Available at: https://digitalcommons.calpoly.edu/theses/2216
Date of Award
MS in Biological Sciences
College of Science and Mathematics
College of Science and Mathematics
Parrotfishes (Scarinae) are dominant Caribbean herbivores that play an important role in reducing coral-algae competition by grazing algae; yet some species are also occasional coral predators (corallivores) and thereby can have direct negative impacts on coral growth and survivorship. There is concern that parrotfish corallivory may contribute to substantial long-term declines in targeted coral species, particularly in areas with a high biomass of parrotfishes and low cover of corals. However, the capacity of target coral species to heal from parrotfish predation and the ecological drivers of corallivory are poorly understood.
In Chapter 1, we examined the patterns of coral healing from parrotfish predation scars on Orbicella annularis – an ecologically important framework building coral that is one of the most intensely grazed Caribbean coral species and an endangered species. While some researchers have suggested that parrotfishes may have significant long-term impacts on heavily targeted species such as O. annularis, the patterns of coral recovery from parrotfish predation scars remain poorly understood. To address this knowledge gap, we tracked the fate of parrotfish bite scars on O. annularis colonies across two Caribbean islands for up to two months. We evaluated differences in coral healing between islands in response to a number of variables including the initial scar surface area, scar abundance per coral colony, colony surface area, and water depth. We used these data to develop a predictive model of O. annularis tissue loss from recent parrotfish bite scars. We then applied this model to surveys of the distribution of bite scars at a point in time to estimate long-term tissue loss of O. annularis colonies from a standing stock of bite scars. Our findings suggest that the initial scar surface area is one of the most important predictors of coral tissue loss. The data also indicate that there are thresholds in patterns of coral tissue regeneration: we observed that small scars (≤1.25 cm2) often fully heal, while larger scars (≥8.2 cm2) had minimal tissue regeneration. The vast majority of observed scars (~87%) were 1.25 cm2 or less and our model predicted that O. annularis colonies would regenerate nearly all the corresponding scar area. In contrast, while scars greater than or equal to than 8.2 cm2 were infrequent (~6% of all observed scars), our model predicted that these larger scars would account for over 96% of the total tissue loss for grazed colonies. Overall, our results suggest that the immediate negative impacts of parrotfish predation on coral tissue loss appear to be driven primarily by a few exceptionally large bite scars. While further work is needed to understand the long-term impacts of corallivory and quantify the net impacts of parrotfish herbivory and corallivory on Caribbean coral reefs, this study is an important step in addressing factors that impact the recovery of a heavily targeted and ecologically important Caribbean coral from parrotfish predation.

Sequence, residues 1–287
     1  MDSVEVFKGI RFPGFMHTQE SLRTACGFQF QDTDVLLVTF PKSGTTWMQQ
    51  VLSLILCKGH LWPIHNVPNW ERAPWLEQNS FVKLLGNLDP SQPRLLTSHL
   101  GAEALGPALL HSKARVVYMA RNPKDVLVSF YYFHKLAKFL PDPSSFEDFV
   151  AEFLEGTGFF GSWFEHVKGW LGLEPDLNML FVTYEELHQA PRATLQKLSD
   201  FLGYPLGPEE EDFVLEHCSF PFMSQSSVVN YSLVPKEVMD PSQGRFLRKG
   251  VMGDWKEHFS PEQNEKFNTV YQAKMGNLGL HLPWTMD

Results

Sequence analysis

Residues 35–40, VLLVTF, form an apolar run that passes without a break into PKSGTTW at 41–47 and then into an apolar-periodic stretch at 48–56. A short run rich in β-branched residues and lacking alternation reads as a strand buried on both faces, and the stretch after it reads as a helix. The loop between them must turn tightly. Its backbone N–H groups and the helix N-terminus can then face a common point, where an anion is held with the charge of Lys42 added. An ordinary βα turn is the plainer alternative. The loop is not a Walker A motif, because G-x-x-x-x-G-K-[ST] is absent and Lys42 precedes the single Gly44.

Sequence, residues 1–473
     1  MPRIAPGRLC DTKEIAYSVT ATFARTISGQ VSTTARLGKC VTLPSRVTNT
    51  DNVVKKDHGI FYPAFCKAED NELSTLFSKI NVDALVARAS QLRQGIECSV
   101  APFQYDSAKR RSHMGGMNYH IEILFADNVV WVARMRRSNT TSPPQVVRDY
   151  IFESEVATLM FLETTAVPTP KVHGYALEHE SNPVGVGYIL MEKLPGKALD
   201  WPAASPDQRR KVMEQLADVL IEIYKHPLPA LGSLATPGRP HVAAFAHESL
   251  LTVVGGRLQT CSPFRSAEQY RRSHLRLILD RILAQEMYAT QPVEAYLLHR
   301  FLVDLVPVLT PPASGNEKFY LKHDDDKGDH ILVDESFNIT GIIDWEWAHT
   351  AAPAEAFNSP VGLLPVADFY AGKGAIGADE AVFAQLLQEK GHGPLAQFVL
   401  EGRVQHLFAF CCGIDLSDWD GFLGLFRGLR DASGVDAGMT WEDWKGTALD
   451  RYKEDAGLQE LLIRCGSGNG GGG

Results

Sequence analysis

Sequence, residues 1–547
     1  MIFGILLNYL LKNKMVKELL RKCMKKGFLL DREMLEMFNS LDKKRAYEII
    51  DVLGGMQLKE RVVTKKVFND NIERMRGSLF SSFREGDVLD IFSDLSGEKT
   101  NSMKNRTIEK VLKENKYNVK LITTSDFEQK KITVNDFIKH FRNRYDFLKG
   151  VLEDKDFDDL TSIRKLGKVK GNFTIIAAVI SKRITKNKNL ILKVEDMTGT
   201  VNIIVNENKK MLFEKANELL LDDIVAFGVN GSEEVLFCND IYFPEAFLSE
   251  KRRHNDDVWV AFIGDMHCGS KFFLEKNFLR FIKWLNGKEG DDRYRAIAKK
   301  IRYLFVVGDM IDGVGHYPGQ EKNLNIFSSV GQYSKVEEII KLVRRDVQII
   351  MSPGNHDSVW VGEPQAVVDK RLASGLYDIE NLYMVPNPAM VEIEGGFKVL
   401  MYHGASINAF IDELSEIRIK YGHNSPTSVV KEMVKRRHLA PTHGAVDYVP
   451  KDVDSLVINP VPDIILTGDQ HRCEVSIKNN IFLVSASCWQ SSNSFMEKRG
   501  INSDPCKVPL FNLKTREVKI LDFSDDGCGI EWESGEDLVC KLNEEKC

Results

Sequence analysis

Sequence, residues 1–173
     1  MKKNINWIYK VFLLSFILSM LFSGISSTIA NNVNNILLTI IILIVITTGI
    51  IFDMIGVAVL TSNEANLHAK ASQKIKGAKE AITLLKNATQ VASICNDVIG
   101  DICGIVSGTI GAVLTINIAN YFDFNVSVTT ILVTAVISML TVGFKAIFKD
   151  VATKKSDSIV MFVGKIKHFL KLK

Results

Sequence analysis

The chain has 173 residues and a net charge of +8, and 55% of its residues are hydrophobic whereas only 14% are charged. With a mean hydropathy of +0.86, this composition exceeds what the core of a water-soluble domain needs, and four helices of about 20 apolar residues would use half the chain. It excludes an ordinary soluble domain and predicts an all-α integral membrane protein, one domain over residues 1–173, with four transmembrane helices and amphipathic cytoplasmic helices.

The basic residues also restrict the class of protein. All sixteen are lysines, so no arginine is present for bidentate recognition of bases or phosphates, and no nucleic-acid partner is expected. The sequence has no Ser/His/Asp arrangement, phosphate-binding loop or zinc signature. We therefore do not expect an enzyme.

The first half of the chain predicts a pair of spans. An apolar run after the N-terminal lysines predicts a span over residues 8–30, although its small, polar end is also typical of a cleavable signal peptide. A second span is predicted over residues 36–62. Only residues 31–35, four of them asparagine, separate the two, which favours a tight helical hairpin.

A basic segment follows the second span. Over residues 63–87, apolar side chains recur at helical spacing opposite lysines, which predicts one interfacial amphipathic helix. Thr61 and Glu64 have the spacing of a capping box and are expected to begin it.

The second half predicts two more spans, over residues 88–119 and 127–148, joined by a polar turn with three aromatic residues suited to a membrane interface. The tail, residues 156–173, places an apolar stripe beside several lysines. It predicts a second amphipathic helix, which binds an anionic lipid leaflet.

In Chapter 2, we examined the ecological drivers of corallivory across all coral taxa and across three regions of the Greater Caribbean – the Florida Keys, St. Croix, and Bonaire. To do so, we observed how parrotfish grazing intensity varied using both size and abundance-based metrics across multiple spatial scales. At the reef community and regional scale, we found no effect of the biomass of corallivorous parrotfishes or the percent cover of target coral species on the intensity of parrotfish corallivory. However, at the scale of individual coral colonies, we found that coral taxa and colony size were important predictors of corallivory intensity, and that predation intensity increased as colony size increased. Our findings suggest that previous assertions that conservation of corallivorous parrotfishes may have net negative impacts on coral communities, particularly as live coral cover declines, are not supported at the reef-scale. Instead, our research suggests that colony-level traits such as coral taxa and colony size may be stronger drivers of predation intensity. Additionally, our research suggests that parrotfishes do not heavily graze upon the majority of coral species, but have a higher level of grazing intensity on three taxa, Orbicella annularis, Porites astreoides and other Porites spp. across multiple regions of the Caribbean. Therefore, the direct consequences of parrotfish corallivory for coral tissue loss are likely low for the majority of coral species, but further research is needed to better understand the ultimate causes of selective predation and the long-term consequences of corallivory for heavily targeted coral taxa.